How we built it

Dingo is composed of the following technical components: the frontend, backend, and recommendation backend.

Square APIs:
We used the following Square APIs: Imgur

Technical Flow:
A summary of how all the various technical pieces work with Square APIs to provide customers with personalized recommendations:
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We primarily built Dingo with React and Node.js. Here’s a more in-depth look at each of the components: Frontend
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Backend
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Recommendation Backend
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Technical Considerations

Recommendation Frequency: One consideration we thought about while building Dingo was whether or not a customer purchasing a Dingo-recommended item would trigger Dingo to generate another recommendation for the customer. We decided against this endless cycle, instead opting to send a text after a purchased recommendation thanking the customer and closing the loop. This way, customers wouldn’t have constant, unending streams of recommendations to influence their purchasing decisions.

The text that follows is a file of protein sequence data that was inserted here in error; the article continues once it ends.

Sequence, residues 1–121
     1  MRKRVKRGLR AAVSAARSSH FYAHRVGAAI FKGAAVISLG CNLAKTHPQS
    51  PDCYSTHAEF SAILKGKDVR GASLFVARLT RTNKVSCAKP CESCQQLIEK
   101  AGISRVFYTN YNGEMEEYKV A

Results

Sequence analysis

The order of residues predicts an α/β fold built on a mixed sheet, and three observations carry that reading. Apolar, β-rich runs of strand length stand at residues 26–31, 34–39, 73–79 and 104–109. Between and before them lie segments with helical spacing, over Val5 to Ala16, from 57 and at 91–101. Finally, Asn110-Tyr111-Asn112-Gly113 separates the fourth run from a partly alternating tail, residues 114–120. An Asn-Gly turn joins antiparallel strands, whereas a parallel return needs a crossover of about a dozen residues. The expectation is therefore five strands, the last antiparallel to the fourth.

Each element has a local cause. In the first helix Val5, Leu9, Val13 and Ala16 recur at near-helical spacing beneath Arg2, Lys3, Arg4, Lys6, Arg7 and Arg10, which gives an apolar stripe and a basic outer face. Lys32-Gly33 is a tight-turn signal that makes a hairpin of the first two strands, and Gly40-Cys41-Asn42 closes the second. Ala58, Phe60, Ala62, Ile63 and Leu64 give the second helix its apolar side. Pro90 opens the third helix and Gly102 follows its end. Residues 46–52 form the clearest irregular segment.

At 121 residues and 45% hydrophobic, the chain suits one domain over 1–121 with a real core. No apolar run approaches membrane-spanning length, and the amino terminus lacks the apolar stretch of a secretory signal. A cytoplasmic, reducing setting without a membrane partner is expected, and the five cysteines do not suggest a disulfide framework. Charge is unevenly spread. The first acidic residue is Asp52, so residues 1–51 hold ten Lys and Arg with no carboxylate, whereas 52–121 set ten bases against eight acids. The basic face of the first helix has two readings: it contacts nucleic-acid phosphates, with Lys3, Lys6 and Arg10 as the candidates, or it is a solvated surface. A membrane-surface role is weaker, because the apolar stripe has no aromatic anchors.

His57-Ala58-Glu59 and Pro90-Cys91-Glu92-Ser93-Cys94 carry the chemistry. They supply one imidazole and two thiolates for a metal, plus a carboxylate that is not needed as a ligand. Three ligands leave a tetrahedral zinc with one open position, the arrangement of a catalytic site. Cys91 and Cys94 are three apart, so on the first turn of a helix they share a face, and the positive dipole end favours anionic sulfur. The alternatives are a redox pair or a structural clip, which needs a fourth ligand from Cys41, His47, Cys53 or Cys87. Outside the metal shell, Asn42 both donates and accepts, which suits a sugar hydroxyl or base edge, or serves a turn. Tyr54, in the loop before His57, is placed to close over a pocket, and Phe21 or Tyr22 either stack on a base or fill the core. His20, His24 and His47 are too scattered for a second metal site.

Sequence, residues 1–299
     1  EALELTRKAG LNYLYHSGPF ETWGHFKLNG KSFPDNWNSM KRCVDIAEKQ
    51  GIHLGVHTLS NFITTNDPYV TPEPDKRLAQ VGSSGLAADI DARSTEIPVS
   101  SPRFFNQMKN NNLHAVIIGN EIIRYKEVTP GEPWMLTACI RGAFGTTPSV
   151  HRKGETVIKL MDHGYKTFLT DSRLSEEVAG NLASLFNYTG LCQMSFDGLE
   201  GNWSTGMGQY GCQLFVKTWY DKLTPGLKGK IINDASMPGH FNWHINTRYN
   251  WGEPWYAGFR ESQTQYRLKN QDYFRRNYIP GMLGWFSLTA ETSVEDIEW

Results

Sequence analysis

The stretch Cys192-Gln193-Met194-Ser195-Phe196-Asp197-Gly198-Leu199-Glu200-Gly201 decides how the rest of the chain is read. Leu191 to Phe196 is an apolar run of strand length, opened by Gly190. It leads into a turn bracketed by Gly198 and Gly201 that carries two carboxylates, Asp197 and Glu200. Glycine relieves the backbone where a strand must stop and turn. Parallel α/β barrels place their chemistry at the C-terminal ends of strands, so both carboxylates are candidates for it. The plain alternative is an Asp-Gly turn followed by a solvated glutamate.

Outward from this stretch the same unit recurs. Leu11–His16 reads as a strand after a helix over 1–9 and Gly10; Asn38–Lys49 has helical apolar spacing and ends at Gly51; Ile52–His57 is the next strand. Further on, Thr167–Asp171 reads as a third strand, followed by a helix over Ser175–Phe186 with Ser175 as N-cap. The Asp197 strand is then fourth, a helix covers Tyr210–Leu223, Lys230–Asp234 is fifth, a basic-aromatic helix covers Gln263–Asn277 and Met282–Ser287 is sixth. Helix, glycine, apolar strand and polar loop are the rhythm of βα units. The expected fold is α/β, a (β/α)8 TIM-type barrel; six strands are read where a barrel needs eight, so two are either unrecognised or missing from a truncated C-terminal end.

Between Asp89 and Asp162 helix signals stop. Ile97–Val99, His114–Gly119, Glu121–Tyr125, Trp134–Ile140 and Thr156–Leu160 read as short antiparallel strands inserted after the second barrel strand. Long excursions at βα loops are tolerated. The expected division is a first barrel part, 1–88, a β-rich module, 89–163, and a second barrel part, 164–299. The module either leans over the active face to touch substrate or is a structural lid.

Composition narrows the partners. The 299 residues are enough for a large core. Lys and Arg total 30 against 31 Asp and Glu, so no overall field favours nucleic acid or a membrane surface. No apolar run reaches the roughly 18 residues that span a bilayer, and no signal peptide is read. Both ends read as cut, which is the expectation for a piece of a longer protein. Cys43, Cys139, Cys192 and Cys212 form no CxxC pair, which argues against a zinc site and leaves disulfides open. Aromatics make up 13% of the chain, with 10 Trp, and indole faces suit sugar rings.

Percentage discount vs bonus loyalty points: We initially were just going to offer bonus loyalty points as an incentive for customers to purchase recommended items. However, we thought about it from the perspective of the customer; it’s hard to directly translate loyalty points to dollar value, so offering a bonus number of loyalty points won’t be as appealing as 10% off a certain item, even if monetarily they have equivalent value. At the same time, bonus loyalty points would require less work on the sellers’ end. Ultimately, we wanted the seller to choose between this tradeoff, so we included this choice as a configurable setting on the dashboard.

Redeeming discounts: The process for redeeming discounts can be split into two scenarios, depending on seller configurations: percentage discount vs loyalty points.
For the percentage discount scenario, customers will choose the recommended item they want the discount for, and then when purchasing said item, show the cashier, who will then apply the discount and make sure that the coupon shows ‘REDEEMED’. For the loyalty points scenario, the seller doesn’t have to take any action; once a customer selects a recommended item, Dingo uses webhooks to check for an order for that item by that customer, give the customer the loyalty points, and then mark the coupon as redeemed.

Customer Value